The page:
The Multilateral Instrument: Development and Impact

William Yau
Vol. 39 Associate Editor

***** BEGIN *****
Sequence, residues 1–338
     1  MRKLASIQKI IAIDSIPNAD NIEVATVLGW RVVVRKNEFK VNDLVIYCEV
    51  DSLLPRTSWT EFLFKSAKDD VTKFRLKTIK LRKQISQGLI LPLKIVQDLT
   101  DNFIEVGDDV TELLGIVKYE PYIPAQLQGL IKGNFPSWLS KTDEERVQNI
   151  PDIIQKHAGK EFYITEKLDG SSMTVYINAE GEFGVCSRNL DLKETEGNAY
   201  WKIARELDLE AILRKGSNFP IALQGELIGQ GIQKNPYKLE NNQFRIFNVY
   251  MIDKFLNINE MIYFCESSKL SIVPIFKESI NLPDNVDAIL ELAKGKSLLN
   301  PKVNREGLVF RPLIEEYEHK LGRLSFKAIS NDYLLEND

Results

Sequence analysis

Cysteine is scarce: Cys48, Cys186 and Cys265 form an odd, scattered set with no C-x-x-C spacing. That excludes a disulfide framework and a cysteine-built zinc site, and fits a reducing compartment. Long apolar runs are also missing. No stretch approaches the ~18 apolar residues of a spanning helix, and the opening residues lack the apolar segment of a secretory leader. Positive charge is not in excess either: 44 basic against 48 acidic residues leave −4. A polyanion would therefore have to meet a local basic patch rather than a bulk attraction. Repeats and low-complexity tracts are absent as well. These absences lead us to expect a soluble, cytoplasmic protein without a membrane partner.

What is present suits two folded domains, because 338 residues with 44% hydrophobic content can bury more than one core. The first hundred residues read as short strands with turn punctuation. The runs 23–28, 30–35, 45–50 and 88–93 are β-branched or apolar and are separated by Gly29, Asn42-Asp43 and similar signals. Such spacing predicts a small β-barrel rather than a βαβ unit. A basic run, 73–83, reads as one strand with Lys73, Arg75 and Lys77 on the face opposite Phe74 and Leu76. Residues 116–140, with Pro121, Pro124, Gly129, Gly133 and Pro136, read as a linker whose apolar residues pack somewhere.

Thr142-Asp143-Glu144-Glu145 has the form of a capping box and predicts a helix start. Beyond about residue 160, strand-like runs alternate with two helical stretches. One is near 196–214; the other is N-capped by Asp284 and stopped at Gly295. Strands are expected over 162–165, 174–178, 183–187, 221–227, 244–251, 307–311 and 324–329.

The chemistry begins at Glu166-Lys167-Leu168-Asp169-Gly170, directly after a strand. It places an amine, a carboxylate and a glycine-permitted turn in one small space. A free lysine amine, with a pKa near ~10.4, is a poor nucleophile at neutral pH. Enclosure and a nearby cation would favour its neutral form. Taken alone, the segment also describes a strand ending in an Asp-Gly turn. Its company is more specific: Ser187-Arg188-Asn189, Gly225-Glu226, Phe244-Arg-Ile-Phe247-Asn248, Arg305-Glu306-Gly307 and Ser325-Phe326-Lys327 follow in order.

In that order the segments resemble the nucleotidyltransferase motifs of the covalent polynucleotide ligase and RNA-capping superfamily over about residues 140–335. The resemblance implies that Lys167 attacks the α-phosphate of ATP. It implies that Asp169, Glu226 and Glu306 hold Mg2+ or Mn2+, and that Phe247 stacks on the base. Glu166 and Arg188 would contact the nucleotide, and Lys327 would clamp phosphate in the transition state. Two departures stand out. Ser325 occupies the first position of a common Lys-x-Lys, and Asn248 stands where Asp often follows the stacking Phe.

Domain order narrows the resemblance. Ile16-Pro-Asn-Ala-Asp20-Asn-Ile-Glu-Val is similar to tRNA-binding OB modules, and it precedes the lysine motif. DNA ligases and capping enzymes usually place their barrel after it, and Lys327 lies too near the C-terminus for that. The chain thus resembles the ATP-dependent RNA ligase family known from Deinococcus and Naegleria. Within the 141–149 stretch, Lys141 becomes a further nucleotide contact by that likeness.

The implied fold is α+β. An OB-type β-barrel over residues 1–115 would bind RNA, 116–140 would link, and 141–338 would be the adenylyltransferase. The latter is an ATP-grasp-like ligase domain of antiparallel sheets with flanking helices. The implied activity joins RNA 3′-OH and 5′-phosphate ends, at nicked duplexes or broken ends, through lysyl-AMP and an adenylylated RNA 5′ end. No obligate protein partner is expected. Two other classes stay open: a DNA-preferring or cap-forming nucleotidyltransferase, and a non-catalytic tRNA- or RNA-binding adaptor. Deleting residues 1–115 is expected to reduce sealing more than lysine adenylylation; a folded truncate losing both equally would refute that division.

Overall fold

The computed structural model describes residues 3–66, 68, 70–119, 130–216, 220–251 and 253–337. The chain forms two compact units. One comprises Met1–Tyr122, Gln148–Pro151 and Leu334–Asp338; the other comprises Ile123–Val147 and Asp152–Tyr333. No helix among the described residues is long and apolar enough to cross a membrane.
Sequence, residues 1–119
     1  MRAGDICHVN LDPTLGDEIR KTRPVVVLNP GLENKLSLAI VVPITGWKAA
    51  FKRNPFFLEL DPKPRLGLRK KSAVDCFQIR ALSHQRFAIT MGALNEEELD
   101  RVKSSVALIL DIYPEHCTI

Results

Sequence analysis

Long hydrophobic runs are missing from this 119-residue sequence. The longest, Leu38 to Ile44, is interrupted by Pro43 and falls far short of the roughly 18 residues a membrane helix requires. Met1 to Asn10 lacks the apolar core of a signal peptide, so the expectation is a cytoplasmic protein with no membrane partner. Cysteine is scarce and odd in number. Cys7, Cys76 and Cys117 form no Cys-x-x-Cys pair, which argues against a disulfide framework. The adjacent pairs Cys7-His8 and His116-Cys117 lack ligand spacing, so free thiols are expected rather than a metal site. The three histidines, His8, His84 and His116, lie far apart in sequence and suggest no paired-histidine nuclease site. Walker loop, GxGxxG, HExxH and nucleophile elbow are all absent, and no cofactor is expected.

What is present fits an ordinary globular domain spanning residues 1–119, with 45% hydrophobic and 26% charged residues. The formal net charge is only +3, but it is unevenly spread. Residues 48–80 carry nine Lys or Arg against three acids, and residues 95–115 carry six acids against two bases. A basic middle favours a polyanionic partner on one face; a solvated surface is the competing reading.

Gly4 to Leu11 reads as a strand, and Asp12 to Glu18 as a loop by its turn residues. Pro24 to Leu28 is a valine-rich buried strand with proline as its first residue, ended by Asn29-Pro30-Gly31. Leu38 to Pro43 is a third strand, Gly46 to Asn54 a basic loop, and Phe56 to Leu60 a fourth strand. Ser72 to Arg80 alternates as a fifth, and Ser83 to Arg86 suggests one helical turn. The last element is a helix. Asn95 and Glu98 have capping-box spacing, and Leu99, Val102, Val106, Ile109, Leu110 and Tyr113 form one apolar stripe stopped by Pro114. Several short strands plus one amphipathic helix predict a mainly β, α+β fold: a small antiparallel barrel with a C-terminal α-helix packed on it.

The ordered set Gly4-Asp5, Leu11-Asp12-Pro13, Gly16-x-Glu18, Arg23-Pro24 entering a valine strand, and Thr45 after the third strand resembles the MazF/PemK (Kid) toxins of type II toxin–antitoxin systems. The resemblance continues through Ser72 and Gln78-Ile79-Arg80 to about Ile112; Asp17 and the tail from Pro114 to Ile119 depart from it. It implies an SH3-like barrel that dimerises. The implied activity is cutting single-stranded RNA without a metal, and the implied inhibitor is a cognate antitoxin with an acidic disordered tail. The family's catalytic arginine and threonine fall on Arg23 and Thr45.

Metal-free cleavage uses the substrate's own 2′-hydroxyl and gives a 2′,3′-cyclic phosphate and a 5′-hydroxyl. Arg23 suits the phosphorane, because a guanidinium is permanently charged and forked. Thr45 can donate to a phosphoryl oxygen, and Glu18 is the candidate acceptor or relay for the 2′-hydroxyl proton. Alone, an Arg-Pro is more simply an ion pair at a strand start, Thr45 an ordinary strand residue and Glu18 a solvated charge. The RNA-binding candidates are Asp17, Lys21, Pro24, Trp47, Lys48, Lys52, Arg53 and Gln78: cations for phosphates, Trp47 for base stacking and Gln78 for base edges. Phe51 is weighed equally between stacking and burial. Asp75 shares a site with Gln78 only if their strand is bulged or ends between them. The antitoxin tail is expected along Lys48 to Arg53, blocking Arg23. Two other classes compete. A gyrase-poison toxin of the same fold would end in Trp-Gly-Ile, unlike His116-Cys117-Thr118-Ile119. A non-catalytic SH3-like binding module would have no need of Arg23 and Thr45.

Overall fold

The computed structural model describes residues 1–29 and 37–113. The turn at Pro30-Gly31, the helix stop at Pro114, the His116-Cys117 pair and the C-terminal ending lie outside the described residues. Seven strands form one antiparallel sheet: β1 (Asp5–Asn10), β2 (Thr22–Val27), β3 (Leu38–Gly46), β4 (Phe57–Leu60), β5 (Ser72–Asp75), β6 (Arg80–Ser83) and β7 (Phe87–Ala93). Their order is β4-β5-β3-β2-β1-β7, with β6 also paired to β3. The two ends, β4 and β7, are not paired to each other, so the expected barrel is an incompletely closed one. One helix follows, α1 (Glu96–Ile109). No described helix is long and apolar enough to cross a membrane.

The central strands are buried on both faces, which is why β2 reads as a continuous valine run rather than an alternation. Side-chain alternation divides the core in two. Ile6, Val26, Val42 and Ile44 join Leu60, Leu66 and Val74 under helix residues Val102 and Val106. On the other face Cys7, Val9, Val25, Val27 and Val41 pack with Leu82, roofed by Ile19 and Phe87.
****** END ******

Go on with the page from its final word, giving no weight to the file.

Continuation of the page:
As an innovative development in the area of international tax treaties, the Multilateral Convention to Implement Tax Treaty Related Measures to Prevent Base Erosion and Profit Shifting (MLI) will provide a method to strengthen existing tax treaties to protect against tax avoidance strategies without the burden of bilaterally renegotiating each individual treaty.[1] With the treaty poised to enter into force in the coming months, it could also help address other international treaty issues by serving as a basic framework model. Tax treaties have been in existence since the late nineteenth century, having been found essential to avoid or mitigate double taxation.[2] These treaties can cover a wide range of taxes and typically reduce taxes of one treaty country for residents of the other treaty country.[3] Unfortunately, these treaties now clearly show their age, with international tax standards no longer reflective of changes in global business practices, particularly with regard to development of intellectual property and the digital economy.[4] These gaps have created opportunities for multinational corporations to be increasingly aggressive in using strategies designed to reduce their tax liability.[5] For example, multinational corporations based in high-tax regimes can create numerous off-shore subsidiaries to take advantage of tax breaks from other jurisdictions, or claim losses and expenses in high-tax jurisdictions and declare profits in countries with low or no tax rate.[6] The MLI was developed to meet the challenge of modifying more than 3000 international tax treaties in order to shore up these gaps while still preserving the treaties’ basic objective of avoiding double taxation.[7] The end result of the negotiations was a flexible instrument that sits alongside and modifies the existing tax treaties.[8] In applying the MLI, jurisdictions can choose among alternative provisions in certain MLI articles, whether to apply optional provisions, to reserve the right to not apply MLI provisions, and whether to opt out of non-minimum-standard provisions.[9] With the exception of a few key terms, the MLI will in large part incorporate the language of the existing treaties in order to accommodate a variety of tax policies, while still applying minimum standards with regard to treaty abuse and dispute resolution.[10] Currently the MLI has seventy signatories, covering 1136 existing treaties, with more expected in the coming year.[11] The MLI is expected to enter into force by early 2018 once it has acquired the five necessary ratifications.[12] A question to consider is whether the MLI can serve as a model for other multilateral instruments: Bilateral investment treaties, for example, have faced criticism, particularly with regard to the current system of investor-state dispute settlement (ISDS), which involves each party choosing an arbitrator, and a third neutral chair being appointed by either both the arbitrators, both the parties, or some other appointing authority.[13] Critics argue that the existing system is deeply flawed in that it leads to either the appearance of a conflict of interest or an actual conflict of interest by arbitrators. Specifically, these critics are concerned that arbitrators are inclined to find for the party that appointed them.[14] Alternately, there is also the worry is that arbitrators are inclined to always find for investors, the thought being that arbitrators want to rule in a way that will not discourage investors from continuing to choose arbitration as their method of dispute resolution.[15] Critics also question the expertise of the arbitrators, arguing that the majority are business lawyers with little to no background in other areas of law relevant to the disputes such as public international law, human rights law, environmental law, anti-corruption law, etc.[16] The third concern is that the current system does not have an appellate mechanism, which has led to bad and inconsistent case law.[17] These concerns have prompted a push to develop a multilateral instrument for ISDS, with essentially two proposed options for the end goal: the establishment of an appellate body to review international investment dispute arbitration, or the replacement of arbitration with a permanent international court for all investment treaty disputes.[18] Investment law, similar to tax law, is characterized by a network of over 3000 bilateral treaties, which results in many of the same challenges, such as having to facilitate different policy preferences over a massive number of different treaties.[19] Moreover, investment treaties, while usually having the same general guarantees, can vary significantly in their definitions of key terms such as “investment,” “fair and equitable treatment,” and “expropriation,” as well as provisions specifying what investments are covered and circumstances permitting international arbitration.[20] The MLI’s ability to effectively amend existing treaties while preserving their core language would certainly prove indispensable in the road ahead.[21] The effort to develop a multilateral instrument for ISDS is still in the preliminary stages of discussion, with the United Nations Commission on International Trade Law (UNCITRAL) discussing it for the first time at its November 2017 meeting.[22] In looking forward, however, the MLI’s flexibility makes it an attractive option as a potential model for the basic framework of a multilateral instrument addressing the concerns about the current ISDS system.   [1] Org. for Econ. Co-operation and Dev. [OECD], Addressing Base Erosion and Profit Shifting, at 6-11 (Feb. 12, 2013) [hereinafter BEPS Report]. [2] Maikel Evers, OECD Ctr. for Tax Policy and Admin., Address at the University of Michigan Perspectives on the Multilateral Instrument Symposium: The Multilateral Instrument: Continuity and Innovation (Oct. 13, 2017). [3] Evers, supra note 2. [4] BEPS Report, supra note 1, at 7; OECD urges stronger international co-operation on corporate tax, Org. for Econ. Co-operation and Dev. (Dec. 2, 2013), [hereinafter BEPS Article]. [5] BEPS Article, supra note 4. [6] Id. [7] Evers, supra note 2. [8] Id. [9] Org. for Econ. Co-operation and Dev. [OECD], Frequently Asked Questions on the Multilateral Instrument (MLI), at 4 (July 2017), [hereinafter FAQ]. [10] Multilateral Convention to Implement Tax Treaty Related Measures to Prevent Base Erosion and Profit Shifting art. 2, 6-7, 16, June 7, 2017, Org. for Econ. Co-operation and Dev.,; FAQ, supra note 9, at 4-5. [11] Evers, supra note 2. [12] Id. [13] Steve Ratner, Professor of Law, Univ. of Mich. Law Sch., Commentary at the University of Michigan Perspectives on the Multilateral Instrument Symposium (Oct. 13, 2017). [14] Id. [15] Id. [16] Id. [17] Id. [18] Id. [19] Evers, supra note 2; Ratner, supra note 13. [20] Ratner, supra note 13. [21] Id. [22] Id.